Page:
Spice and Wolf Season 1 Notes
Spice and Wolf is, according to the back-of-box blurb, about a traveling trader who stumbles across a wolf god who people have stopped believing in, and their journey as he tries to take her back to the land she originally came from. I’d seen the DVD set on sale a couple of times, and almost bought it. But then I thought “You know, this sounds like it will be about a pleasant trip running into various people for an episode or two, somewhat melancholy, and, probably, not as interesting and more generic than the idea sounds.” Then I noticed Hulu had it streaming free—subtitled, no less—and figured I’d give it at least a shot.
It took me exactly the length of the first episode to get hooked. By halfway through the season, I wasn’t just hooked—I adore this series. See, it turns out that I was mostly right about it—it is indeed pleasant, pretty, and about traveling the countryside meeting interesting people—but it’s also cheerful, smart, a touch exciting (the life of a merchant isn’t always dull), full of attitude, and has what may well be my flat-out favorite fictional romance ever. It also manages to completely dodge what appears to be a predictable character mold.
See, the titular wolf—Holo, by name—looks like she’s out of a fanservice book: Pretty girl a head shorter than the guy, has wolf ears and a bushy tail, is actually a wolf god who until recently lived (in a spiritual sense) in the wheat of a small town as the god of their harvest, has some ego, and may like her human traveling companion (Lawrence) but isn’t directly saying so.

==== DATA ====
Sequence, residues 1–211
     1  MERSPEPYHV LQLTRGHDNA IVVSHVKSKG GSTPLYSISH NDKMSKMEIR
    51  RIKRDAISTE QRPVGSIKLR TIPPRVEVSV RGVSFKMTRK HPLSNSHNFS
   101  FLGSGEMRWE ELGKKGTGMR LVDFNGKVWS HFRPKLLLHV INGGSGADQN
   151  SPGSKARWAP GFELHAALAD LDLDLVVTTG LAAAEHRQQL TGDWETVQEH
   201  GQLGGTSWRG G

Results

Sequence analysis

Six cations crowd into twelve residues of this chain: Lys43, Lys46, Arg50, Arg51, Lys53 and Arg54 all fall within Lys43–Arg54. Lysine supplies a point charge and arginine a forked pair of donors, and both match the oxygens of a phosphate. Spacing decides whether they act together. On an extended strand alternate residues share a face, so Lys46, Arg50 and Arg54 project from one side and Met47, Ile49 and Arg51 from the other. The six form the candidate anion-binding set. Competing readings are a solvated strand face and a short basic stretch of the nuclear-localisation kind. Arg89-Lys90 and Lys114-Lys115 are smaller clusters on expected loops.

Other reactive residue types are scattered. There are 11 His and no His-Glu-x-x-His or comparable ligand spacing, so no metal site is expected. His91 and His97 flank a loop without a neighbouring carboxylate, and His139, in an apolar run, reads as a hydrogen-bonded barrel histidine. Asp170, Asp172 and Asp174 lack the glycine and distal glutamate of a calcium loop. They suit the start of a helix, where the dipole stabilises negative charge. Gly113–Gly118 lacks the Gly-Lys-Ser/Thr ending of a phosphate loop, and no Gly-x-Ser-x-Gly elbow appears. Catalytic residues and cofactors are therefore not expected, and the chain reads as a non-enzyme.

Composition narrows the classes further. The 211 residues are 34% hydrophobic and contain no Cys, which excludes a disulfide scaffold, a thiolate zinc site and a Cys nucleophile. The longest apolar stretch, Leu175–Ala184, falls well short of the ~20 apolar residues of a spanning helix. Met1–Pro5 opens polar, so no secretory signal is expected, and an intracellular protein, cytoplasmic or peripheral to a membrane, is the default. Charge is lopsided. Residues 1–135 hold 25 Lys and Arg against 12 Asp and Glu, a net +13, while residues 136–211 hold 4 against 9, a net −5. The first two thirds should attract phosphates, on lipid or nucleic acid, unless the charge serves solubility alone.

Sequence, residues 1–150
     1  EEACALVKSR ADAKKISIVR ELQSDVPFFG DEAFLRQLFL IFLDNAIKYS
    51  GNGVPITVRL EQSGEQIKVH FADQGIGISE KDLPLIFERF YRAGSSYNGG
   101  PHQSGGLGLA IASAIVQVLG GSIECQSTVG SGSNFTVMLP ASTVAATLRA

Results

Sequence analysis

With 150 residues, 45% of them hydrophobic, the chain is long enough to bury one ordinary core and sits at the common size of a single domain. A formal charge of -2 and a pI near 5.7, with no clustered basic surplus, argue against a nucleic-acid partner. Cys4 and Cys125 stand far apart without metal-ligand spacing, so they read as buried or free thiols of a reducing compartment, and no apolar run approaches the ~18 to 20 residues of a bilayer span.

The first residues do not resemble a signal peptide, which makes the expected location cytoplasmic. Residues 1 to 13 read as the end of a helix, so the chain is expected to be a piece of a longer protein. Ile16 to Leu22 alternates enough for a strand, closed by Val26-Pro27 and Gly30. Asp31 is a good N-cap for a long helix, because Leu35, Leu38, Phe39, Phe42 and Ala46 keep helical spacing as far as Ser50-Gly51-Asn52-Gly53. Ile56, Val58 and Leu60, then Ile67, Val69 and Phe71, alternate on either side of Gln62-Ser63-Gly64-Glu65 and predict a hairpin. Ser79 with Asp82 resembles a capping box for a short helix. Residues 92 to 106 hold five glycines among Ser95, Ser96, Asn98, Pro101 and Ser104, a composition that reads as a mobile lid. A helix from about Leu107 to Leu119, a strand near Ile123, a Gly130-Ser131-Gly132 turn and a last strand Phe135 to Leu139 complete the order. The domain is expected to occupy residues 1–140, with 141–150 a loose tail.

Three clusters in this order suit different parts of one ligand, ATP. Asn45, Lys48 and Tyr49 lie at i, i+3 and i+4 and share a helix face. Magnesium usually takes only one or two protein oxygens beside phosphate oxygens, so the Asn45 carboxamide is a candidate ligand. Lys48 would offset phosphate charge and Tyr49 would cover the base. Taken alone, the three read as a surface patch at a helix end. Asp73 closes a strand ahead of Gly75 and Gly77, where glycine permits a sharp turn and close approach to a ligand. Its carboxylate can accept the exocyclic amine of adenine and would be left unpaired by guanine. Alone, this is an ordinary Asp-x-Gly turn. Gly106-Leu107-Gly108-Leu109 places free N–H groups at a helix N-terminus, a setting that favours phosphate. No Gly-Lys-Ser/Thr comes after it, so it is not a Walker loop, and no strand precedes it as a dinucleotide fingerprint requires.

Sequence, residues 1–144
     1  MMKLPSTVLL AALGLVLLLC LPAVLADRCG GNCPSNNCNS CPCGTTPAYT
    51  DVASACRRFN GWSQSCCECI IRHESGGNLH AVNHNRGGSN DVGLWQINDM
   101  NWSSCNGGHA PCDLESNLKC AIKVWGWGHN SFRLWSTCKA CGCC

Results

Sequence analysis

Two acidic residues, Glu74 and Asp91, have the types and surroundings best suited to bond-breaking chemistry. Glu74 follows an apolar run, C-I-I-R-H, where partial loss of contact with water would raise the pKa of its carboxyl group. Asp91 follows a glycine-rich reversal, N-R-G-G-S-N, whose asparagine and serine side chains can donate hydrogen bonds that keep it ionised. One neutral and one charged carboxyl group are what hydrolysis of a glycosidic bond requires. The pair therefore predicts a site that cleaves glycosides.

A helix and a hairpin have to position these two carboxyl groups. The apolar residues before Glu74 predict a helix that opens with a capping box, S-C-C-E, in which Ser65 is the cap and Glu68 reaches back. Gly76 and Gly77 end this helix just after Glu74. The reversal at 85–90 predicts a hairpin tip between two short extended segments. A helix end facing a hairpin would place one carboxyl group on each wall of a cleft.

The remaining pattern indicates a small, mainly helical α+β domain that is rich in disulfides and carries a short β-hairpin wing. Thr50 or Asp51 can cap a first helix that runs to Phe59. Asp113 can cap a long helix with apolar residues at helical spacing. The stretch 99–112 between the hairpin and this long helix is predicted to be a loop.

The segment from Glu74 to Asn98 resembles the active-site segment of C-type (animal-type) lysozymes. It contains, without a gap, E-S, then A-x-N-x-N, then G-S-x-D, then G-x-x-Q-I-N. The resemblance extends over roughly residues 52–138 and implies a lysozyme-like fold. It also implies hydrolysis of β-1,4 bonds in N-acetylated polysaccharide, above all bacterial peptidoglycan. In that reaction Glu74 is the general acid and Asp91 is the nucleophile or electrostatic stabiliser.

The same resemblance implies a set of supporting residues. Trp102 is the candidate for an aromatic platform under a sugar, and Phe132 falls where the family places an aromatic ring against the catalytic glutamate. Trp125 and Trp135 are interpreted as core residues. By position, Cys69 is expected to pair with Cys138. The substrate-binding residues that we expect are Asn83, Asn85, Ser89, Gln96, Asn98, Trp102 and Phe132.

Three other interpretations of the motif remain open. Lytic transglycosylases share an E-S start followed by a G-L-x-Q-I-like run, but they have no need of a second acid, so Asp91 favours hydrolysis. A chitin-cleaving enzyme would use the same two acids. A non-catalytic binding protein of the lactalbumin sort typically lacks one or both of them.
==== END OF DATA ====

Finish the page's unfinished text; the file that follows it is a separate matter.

Except she is so not a generic moe tsun-dere catgirl it’s sort of amazing. See, she’s also known as the Wise Wolf Holo, and, indeed, she’s quite smart, playfully flirty, almost always knows what’s going on with the people around her, and takes every opportunity to prod at Lawrence and see how annoyed she can get him without actually making him mad. Lawrence, for his part, is much older than the average anime guy and plenty smart and world-wise himself, but still not quite a match for Holo when it comes to playing with human emotion to get what you want, though he tries—and, occasionally, manages as he learns more about her—to get the upper hand.
The series is, it turns out, about two things: Their constant verbal and emotional sparring—uniformly entertaining—and the various involved trade schemes Lawrence gets involved in, either intentionally or not.